The GCRO Barometer 2014
The GCRO Barometer 2014 depicts developmental progress in the Gauteng City-Region (GCR) in a single interactive graphic using 38 indicators across ten key sectors. It serves as a tracking and diagnostic tool to inform policy makers and the public on where development progress is being made, and areas of concern. It also serves as a tool for benchmarking Gauteng against other South African provinces and similar sized city-regions across the world.
The GCRO Barometer 2014 is the first release and shows progress in 2012 against three base years: 2002, 2007 and 2011. This paper introduces the Barometer in terms of both method and the choice of indictors. It also provides brief but concise analyses for each of the indicators for the period 2002 to 2012. Overall, the Barometer shows that the developmental outlook for Gauteng is positive with significant progress realised between 2002 and 2012 in nearly all sectors. However, there is evidence to show that the impact of government programmes is minimal over shorter time spans. Such results underscore the need for government to step up policy and programme monitoring with a view to achieving immediate and positive short-term impacts on communities.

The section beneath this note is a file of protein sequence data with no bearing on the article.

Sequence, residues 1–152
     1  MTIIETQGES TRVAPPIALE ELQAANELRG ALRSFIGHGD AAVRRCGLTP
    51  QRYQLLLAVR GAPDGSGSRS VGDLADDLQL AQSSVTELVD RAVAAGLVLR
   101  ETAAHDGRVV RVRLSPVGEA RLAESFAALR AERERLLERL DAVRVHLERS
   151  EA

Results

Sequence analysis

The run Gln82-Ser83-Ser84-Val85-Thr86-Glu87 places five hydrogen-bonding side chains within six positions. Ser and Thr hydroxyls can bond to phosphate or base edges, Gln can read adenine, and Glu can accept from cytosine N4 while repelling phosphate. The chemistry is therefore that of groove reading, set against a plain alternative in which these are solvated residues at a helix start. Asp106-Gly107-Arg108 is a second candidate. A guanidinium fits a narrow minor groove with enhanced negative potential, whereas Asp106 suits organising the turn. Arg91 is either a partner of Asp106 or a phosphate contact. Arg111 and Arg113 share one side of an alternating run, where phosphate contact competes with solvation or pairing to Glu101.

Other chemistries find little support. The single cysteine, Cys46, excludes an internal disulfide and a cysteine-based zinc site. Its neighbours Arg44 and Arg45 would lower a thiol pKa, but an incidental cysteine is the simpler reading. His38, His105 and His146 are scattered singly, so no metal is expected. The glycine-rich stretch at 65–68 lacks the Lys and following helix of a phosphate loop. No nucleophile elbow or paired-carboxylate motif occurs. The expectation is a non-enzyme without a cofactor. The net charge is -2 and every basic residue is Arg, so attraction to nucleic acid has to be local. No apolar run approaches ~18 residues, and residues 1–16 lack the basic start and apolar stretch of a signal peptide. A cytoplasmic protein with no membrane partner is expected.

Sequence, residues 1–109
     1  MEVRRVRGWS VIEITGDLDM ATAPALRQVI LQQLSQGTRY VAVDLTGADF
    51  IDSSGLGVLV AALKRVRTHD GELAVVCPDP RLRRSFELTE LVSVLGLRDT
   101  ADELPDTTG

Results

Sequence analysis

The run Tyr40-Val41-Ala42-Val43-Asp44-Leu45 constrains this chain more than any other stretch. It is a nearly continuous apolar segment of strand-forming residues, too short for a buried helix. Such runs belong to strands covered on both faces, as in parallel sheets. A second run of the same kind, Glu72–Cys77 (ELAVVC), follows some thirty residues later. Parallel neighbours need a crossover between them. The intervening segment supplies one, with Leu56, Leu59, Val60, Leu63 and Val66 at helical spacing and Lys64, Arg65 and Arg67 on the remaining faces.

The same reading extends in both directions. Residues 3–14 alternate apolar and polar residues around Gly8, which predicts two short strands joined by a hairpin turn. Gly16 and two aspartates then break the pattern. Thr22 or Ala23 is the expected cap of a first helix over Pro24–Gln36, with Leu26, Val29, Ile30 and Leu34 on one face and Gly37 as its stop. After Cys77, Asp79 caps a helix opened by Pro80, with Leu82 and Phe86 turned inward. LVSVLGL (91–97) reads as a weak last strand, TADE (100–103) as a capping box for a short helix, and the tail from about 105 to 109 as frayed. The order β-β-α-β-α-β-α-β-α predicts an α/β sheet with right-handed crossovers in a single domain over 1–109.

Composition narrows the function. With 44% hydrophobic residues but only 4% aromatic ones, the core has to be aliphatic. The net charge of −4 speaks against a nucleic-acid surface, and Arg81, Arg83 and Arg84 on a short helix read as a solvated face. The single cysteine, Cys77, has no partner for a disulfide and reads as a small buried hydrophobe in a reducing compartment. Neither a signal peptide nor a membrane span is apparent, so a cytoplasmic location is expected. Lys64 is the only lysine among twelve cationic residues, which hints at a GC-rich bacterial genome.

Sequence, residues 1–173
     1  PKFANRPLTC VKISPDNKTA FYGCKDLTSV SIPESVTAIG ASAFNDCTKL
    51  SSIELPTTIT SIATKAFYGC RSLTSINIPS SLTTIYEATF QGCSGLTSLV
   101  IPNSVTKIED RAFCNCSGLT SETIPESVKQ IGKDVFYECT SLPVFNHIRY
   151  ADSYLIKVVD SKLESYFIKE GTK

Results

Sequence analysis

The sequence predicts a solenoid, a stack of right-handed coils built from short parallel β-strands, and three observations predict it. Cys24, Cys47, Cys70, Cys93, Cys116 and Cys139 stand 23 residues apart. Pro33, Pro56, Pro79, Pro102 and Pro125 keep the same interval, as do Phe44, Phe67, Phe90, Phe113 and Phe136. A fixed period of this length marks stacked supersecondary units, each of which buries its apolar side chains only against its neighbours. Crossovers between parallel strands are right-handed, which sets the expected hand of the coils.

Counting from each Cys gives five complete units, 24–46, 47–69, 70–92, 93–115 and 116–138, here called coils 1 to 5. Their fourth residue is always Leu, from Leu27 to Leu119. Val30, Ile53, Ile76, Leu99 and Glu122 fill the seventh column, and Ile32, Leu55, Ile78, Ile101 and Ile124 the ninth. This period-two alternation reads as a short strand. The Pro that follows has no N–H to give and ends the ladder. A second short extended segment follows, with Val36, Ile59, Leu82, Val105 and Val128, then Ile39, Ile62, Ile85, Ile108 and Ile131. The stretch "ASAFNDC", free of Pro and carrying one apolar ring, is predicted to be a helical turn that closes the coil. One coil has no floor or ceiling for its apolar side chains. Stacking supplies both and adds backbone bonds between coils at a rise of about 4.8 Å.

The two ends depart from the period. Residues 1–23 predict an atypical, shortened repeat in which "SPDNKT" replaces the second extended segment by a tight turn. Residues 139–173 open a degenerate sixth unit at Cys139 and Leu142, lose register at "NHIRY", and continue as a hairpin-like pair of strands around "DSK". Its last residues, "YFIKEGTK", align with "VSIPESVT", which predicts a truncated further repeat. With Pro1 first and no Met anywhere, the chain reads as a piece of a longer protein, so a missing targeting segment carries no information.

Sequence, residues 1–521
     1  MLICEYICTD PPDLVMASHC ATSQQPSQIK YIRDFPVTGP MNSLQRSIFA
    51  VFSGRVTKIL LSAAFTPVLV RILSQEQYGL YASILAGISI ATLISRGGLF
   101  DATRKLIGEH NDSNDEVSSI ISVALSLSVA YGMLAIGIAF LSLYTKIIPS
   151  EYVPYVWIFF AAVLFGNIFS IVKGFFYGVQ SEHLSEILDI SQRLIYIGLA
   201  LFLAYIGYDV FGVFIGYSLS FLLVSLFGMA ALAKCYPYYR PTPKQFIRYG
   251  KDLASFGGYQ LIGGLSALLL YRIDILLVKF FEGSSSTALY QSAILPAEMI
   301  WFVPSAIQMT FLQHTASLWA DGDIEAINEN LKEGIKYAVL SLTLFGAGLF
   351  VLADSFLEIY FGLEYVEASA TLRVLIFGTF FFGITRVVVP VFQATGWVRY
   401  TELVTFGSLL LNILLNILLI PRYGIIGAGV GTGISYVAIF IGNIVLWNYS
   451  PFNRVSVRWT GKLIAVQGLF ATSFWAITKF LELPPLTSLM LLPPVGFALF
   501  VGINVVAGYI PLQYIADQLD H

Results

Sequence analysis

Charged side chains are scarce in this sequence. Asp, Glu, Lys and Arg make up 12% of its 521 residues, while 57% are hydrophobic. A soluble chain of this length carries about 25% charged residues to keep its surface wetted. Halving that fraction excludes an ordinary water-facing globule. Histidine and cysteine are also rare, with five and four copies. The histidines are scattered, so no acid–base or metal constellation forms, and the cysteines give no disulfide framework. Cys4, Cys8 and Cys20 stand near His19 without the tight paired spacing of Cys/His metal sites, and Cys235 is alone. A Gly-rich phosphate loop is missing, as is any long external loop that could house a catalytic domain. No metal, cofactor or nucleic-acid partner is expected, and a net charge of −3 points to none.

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Towards more effective collaboration by higher education institutions for greater regional development in the Gauteng City-Region
Higher education institutions (HEIs) in the Gauteng City-Region (GCR) and elsewhere are increasingly being called upon to do more than their traditional roles of teaching and research. They are now expected to collaborate and engage with other stakeholders with a view to contributing directly and indirectly to social and economic development in their localities.
Such an orientation includes having HEIs actively fostering public-private partnerships and other initiatives that enhance equitable regional development. The adoption of such a focus has implications for all aspects of these institutions’ activities, as well as for the policy and regulatory framework in which they operate. This Occasional Paper reflects critically on the role of HEIs in regional development. It surveys current debates on the matter and draws out some of the implications on how we ought to think further about the current state of government-industry-academia interaction and collaboration for development in the GCR.